Update on New Liver-related Alpha-1 Therapeutic Development
Promising results for three drugs for the treatment of three rare liver diseases were presented at the International Liver Congress 2018, which took place April 11-15 at the Paris Expo Porte de Versailles, Paris, France.
Every year in April, scientific and medical experts from a broad range of fields including hepatology, gastroenterology, internal medicine, cell biology, transplant surgery, infectious diseases, microbiology and virology, pharmacology, pathology and radiology, and imaging come together from around the world to learn about the latest in liver research.
Specialists share recent data, present studies and findings, and discuss the hottest topics on liver disease. The annual Congress attracts around 10,000 delegates and 250 media representatives from all over the world making this a truly international networking opportunity.
Preliminary findings demonstrated positive preclinical safety and efficacy of an ARO-AAT in Alpha-1 Antitrypsin Deficiency (Alpha-1) – pointing to the developing potential of this new therapeutic strategy in patients with few treatment options.
Alpha-1 is an autosomal, co-dominant genetic disorder in which the PiZ mutation results in the misfolded protein (Z-AAT) that accumulates in hepatocytes and can lead to fibrosis, cirrhosis and hepatocellular carcinoma.
The only current treatment option for Alpha-1-related liver disease is liver transplant. ARO-AAT is a second-generation, subcutaneously administered RNAi therapeutic that replaces ARC-AAT, a first-generation intravenously administered RNAi therapeutic that previously demonstrated proof of concept in the PiZ mouse model expressing human Z-AAT, and achieved deep knockdown in healthy volunteers and patients.
“We are very pleased to see Arrowhead’s hard work and persistence yielding results. The efficacy of ARO-AAT in animal models is encouraging, and we look forward to the results of the Phase 1 trials,” expressed Jean-Marc Quach, president and CEO of The Alpha-1 Project (TAP), a wholly-owned for profit subsidiary of the Alpha-1 Foundation (A1F) singularly focused on providing critical funding and advice to speed the commercialization of therapies for the elimination of Chronic Obstructive Pulmonary Disease (COPD) and liver disease caused by Alpha-1.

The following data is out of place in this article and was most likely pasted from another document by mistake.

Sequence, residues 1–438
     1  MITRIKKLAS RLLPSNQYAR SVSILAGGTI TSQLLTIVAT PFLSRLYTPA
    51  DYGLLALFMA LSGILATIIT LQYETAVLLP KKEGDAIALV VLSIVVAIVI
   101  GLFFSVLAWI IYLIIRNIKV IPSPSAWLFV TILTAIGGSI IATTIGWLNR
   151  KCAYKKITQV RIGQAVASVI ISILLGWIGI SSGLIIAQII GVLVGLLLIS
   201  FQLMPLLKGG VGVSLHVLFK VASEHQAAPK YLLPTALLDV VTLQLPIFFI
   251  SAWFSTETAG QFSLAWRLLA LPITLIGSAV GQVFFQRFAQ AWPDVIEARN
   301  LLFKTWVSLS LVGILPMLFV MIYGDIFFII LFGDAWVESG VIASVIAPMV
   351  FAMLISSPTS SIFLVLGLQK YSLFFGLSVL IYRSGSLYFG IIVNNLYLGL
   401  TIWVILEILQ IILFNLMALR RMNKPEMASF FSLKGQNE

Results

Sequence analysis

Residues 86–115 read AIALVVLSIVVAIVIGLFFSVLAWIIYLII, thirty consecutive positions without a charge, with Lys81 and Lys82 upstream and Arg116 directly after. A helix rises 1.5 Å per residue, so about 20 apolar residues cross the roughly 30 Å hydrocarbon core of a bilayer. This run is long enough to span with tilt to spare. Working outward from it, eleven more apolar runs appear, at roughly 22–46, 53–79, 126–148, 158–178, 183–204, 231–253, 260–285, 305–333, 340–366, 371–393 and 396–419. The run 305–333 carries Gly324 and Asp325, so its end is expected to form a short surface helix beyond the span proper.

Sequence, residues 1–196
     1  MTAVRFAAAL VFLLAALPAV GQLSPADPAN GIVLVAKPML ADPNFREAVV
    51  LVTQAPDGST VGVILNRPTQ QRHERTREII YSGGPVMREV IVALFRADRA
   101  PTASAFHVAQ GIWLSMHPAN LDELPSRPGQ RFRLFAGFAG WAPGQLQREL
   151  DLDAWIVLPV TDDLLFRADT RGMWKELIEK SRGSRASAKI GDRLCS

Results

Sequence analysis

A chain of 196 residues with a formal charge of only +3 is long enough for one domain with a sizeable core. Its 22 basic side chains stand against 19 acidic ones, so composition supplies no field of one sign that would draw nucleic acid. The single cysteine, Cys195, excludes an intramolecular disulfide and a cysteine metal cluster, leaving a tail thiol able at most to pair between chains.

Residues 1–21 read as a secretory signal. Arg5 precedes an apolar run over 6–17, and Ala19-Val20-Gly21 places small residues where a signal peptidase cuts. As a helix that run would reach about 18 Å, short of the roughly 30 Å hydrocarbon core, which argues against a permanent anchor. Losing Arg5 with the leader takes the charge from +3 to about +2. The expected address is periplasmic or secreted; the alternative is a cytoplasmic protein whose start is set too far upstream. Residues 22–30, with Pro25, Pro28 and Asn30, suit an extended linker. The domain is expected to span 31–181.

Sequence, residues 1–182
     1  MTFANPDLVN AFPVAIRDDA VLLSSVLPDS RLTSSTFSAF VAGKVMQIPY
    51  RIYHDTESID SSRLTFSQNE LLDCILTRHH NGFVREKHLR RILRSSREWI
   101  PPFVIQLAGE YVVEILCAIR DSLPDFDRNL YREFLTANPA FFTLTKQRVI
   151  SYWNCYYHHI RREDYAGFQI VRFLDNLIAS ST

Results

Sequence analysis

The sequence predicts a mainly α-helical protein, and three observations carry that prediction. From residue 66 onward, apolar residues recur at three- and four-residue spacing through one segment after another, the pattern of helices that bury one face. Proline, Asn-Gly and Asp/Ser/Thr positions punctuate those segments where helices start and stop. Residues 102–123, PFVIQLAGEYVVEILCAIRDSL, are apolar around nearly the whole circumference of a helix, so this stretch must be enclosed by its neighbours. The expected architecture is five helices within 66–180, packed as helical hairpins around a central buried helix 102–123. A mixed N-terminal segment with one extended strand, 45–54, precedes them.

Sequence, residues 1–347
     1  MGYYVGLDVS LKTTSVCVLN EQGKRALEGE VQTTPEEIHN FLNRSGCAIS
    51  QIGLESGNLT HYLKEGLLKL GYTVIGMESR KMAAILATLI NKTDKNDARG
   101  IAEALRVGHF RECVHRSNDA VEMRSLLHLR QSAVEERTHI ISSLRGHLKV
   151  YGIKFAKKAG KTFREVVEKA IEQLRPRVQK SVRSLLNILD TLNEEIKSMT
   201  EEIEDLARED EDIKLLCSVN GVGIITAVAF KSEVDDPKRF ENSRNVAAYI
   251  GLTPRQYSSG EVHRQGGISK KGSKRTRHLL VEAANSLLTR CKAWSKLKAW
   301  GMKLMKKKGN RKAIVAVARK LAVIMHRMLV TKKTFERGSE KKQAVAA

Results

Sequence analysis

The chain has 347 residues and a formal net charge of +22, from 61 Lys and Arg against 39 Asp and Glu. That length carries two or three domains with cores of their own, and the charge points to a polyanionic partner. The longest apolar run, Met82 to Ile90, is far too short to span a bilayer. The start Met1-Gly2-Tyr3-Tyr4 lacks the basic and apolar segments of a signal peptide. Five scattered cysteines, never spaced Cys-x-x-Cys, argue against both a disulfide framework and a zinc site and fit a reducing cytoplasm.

Also at the International Liver Congress in Paris, it was announced that sebelipase alfa, approved for treatment of lysosomal acid lipase (LAL) deficiency in 2015, showed sustained improvements and long-term tolerability in a diverse patient population. Other findings were also positive with givosiran, which substantially reduced the annualized attack rate in patients with acute intermittent porphyria (AIP).
“Rare diseases are a greater challenge than you might expect, as apart from the difficulties in reaching a full diagnosis, there are often no effective treatments available,” said Prof. Marco Marzioni from the University Hospital of Ancona, Italy, and EASL Governing Board Member.